Tyketto - 'Documentally Yours'

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Tyketto - 'Documentally Yours'

A must for any Tyketto fan, but also highly appealing to anybody who has an interest in the Melodic Rock scene in the late eighties.

To coincide with their 25th Anniversary tour, this excellent DVD tells the story of how Tyketto came to fruition back in the late eighties, while at the same time depicting the New York Rock scene of the time. Though there are brief commentaries from each original band member, singer Danny Vaughn, drummer Michael Clayton Arbeeny, guitarist Brooke St. James and bassist Jimi Kennedy, the story is actually told through archive home video footage recorded by the band themselves back in the day.

The documentary was put together after Arbeeny sifted through about ninety hours of tapes that he found in his basement. For a huge Tyketto fan like me, it's a truly fascinating experience to see how the band grew from unknowns to one of the hottest bands on the N.Y. scene, regularly selling out shows at legendary venues like The Cat Club and L'Amours. There is some amazing live footage, including early material like 'Tearin' Up The Night', the first ever live performance of the immortal 'Standing Alone' and the night when they recorded the crowd noise that appeared on 'Lay Your Body Down' (originally known as 'Bourbon Street' of course.)

We also see how Tyketto developed the songs that ended up on the 'Don't Come Easy' debut in the rehearsal rooms that doubled as their home. Then, after they signed to Geffen Records, the action moves out to L.A. where the album was recorded with producer Richie Zito. Studio footage sees the recording of classics like 'Wings' and 'Seasons'. Following the album's release there is more great live footage from when Tyketto went out supporting Nelson. A series of video vignettes that were recorded just to pass the time also show the wacky sense of humour that was evident.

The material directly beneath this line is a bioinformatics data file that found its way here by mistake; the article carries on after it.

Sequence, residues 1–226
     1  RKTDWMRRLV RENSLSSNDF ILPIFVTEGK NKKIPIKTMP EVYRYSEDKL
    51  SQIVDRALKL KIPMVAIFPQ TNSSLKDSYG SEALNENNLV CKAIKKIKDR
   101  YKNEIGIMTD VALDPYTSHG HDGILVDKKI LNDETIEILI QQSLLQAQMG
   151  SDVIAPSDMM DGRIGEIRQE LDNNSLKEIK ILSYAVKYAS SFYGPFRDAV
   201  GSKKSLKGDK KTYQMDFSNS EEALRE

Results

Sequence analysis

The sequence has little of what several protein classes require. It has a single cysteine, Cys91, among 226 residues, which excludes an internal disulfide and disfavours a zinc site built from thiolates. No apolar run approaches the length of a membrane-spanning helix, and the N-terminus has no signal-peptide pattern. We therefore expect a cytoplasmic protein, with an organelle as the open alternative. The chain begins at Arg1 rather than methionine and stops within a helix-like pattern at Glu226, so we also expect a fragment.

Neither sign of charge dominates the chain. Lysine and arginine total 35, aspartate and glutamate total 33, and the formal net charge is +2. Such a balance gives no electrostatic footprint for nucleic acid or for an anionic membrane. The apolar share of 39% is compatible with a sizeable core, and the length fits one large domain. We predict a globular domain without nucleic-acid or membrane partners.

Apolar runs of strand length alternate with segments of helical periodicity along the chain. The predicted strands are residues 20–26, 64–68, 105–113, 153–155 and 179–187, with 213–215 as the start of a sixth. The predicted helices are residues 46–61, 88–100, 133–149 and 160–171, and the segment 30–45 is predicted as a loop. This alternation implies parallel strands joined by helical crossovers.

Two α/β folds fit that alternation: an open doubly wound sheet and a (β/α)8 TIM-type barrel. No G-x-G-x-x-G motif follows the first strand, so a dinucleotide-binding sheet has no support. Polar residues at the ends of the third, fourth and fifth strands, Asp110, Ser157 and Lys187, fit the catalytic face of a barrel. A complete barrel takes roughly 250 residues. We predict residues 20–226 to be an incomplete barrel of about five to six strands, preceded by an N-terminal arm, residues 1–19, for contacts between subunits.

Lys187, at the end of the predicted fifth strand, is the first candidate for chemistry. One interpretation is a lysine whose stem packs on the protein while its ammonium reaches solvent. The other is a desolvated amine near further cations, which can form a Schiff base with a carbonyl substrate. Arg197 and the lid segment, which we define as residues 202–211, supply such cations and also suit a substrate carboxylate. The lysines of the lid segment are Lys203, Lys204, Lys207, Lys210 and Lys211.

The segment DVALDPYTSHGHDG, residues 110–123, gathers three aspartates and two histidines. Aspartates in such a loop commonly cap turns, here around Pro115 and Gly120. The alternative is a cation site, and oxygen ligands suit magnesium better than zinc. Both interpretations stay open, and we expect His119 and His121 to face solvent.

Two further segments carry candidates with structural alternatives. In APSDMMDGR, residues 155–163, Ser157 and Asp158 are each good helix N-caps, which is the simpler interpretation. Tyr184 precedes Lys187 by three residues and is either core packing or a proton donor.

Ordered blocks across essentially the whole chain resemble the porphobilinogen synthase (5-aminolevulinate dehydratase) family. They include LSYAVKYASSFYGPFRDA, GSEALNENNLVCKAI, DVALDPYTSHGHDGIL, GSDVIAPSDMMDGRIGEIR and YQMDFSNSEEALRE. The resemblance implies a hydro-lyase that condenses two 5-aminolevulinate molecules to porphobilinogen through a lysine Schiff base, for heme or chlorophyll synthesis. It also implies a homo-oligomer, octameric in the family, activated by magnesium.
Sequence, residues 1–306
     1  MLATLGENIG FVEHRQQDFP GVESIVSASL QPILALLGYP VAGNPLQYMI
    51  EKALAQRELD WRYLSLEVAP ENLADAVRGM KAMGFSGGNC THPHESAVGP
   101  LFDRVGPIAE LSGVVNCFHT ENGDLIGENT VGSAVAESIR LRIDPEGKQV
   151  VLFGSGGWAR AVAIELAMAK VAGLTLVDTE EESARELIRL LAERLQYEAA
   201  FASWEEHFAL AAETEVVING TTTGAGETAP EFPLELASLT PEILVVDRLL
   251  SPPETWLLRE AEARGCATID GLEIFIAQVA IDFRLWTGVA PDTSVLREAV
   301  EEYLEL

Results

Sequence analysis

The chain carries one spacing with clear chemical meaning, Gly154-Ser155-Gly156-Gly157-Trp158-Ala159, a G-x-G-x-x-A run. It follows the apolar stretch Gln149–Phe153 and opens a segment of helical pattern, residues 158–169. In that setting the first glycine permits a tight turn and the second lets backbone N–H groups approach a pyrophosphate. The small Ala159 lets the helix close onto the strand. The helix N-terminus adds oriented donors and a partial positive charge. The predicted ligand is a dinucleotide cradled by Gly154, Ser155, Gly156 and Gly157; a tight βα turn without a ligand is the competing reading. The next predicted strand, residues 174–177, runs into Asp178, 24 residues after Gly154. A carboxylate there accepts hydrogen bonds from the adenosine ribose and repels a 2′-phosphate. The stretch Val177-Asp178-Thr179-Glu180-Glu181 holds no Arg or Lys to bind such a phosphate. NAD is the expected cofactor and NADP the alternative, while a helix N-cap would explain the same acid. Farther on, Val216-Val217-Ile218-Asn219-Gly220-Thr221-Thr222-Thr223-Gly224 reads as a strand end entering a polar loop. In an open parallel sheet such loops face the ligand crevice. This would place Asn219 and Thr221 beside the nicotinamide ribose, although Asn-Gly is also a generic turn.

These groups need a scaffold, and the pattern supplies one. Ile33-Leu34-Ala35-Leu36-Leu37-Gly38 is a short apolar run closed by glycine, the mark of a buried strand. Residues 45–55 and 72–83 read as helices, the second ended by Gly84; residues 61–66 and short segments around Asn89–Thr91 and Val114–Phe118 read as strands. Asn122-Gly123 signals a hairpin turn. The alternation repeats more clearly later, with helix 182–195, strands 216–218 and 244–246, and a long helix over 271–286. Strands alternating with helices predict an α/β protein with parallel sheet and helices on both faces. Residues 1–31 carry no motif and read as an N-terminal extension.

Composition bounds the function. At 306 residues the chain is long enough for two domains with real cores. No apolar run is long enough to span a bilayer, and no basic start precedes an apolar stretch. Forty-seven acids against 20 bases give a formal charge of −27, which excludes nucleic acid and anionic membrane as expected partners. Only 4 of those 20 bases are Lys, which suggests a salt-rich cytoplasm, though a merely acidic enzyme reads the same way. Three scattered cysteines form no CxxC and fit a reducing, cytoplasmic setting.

As the documentary moves on, the footage is intertwined with interview excerpts and live footage from tours and festival appearances that appeared on MTV's Headbangers Ball, some of which I still have on a very worn out VHS tape. The film touches on how Grunge changed the music scene in the early nineties, then when Vaughn left the band and was replaced by Steve Augeri. To close, there is a cleverly pieced together version of the anthem 'Forever Young' that features live footage of the band at various festivals since their comeback in 2004, which also includes our very own Firefest.

The DVD also includes a 'factoid' version of the 'Wings' video, home video footage of when Tyketto recorded the 'Dig In Deep' album in 2011, and the entire worldwide webcast concert from the same year, that combines question and answer sessions with performances of many Tyketto classics.

This is a must for any Tyketto fan, but also highly appealing to anybody who has an interest in the Melodic Rock scene in the late eighties. As Michael Clayton Arbeeny states at the start of the film, "for every Aerosmith and Bon Jovi out there, there are tens of thousands of Tyketto's"

Ant Heeks

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